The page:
more via Giant Living Sculptures At Atlanta Botanical Gardens’ Exhibition | Bored Panda.

behavior · community · environment · work

Creative Leadership Grows in the Garden

English: Photo of Robert Hart's forest garden ...
English: Photo of Robert Hart’s forest garden by Graham Burnett (Photo credit: Wikipedia)

Great insight from Tim Brown of IDEO on how playing in the dirt can forge great leadership skills:

Over the years, I’ve given a lot of thought to what gardening, design, and creative leadership have in common.

Gardening is generative, iterative, and user-centered
When designers in our Chicago studio first planted a roof garden, they noticed people were picking and eating the strawberries and tomatoes and leaving the eggplants and tomatillos to rot on the vine. They soon realized that planting a work garden for 60 busy people is very different from planting a home garden for a family of four. Project deadlines simply took priority over cooking, so any plants that took extra steps to prepare were ignored. The next year, the designers planted a “Grab and Go Garden” that contained only fruits and vegetables that could be eaten straight away. This time, more plants were eaten, less were wasted. A good garden, like good design, needs to meet the needs of its users.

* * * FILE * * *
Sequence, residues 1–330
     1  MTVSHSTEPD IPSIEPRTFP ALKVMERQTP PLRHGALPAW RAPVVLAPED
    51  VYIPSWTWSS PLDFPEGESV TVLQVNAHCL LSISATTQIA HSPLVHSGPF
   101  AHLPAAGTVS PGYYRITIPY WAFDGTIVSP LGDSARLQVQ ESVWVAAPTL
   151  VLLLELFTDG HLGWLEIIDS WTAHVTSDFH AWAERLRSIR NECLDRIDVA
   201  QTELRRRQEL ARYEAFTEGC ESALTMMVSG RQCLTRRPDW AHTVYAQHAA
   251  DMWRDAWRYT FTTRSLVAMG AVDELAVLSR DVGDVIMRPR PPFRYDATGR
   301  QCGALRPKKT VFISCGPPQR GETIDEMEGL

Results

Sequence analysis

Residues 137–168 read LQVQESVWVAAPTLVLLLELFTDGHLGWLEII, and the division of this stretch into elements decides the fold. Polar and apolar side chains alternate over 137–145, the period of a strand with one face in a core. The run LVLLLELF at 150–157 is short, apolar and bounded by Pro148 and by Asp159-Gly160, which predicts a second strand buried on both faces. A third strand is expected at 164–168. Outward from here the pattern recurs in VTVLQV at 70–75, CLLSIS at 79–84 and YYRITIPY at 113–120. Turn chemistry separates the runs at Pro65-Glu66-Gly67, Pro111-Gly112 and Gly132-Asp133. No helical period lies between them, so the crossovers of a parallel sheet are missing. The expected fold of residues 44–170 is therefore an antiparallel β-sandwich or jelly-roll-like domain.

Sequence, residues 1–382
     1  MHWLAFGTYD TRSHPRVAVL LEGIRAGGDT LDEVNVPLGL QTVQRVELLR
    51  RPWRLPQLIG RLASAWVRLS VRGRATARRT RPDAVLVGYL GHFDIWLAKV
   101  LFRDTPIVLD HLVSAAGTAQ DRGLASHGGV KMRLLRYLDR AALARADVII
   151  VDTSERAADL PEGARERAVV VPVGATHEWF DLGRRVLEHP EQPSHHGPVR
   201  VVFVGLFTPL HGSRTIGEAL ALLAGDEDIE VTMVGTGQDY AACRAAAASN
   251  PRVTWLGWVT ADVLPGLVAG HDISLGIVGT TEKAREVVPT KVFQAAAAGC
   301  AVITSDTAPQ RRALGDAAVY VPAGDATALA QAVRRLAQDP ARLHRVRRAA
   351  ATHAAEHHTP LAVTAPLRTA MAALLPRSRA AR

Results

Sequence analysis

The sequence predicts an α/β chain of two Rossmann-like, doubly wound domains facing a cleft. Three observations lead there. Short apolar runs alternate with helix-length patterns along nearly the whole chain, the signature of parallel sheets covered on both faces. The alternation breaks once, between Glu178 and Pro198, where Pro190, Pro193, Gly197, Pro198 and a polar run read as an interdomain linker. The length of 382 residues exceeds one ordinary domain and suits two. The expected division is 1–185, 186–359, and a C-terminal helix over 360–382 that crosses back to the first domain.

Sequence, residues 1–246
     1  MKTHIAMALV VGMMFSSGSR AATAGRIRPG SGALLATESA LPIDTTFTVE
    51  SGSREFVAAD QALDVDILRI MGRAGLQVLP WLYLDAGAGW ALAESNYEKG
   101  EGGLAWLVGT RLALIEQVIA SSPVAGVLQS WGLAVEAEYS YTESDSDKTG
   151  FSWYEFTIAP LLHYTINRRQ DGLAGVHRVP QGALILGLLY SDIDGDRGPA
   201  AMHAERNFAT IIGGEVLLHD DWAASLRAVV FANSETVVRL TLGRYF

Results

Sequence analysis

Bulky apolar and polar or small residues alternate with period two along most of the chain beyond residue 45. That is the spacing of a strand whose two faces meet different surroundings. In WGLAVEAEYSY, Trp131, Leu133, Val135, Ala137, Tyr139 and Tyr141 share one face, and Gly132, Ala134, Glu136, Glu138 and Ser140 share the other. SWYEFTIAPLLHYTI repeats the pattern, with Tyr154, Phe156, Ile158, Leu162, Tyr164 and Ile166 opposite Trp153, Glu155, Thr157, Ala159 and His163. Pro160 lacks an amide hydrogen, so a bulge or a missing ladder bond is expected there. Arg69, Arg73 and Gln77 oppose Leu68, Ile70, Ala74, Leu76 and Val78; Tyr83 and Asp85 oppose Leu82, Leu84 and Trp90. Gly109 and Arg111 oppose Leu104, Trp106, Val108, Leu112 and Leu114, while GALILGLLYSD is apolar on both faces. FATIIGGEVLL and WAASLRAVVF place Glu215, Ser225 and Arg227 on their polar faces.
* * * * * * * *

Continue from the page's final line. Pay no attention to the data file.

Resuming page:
Full article:

behavior · community · environment · happiness · health · Nature

Ron Finley: A guerilla gardener in South Central LA | Video on

Happy Spring Forward. Time to start planting seeds and playing in the dirt. In honor of getting dirty and creative, here’s a a TED talk from Ron Finley, guerrilla gardener.

Ron Finley plants vegetable gardens in South Central LA — in abandoned lots, traffic medians, along the curbs. Why? For fun, for defiance, for beauty and to offer some alternative to fast food in a community where “the drive-thrus are killing more people than the drive-bys.”Ron Finley grows a nourishing food culture in South Central L.A.’s food desert by planting the seeds and tools for healthy eating.

Best quote ever: Gardening is the most therapeutic & defiant act you can do, especially in the inner city. Plus you get strawberries.”

via Ron Finley: A guerilla gardener in South Central LA | Video on

community · environment · health · Social

Bee boulevard: How to turn an urban corridor into a haven for native pollinators | Grist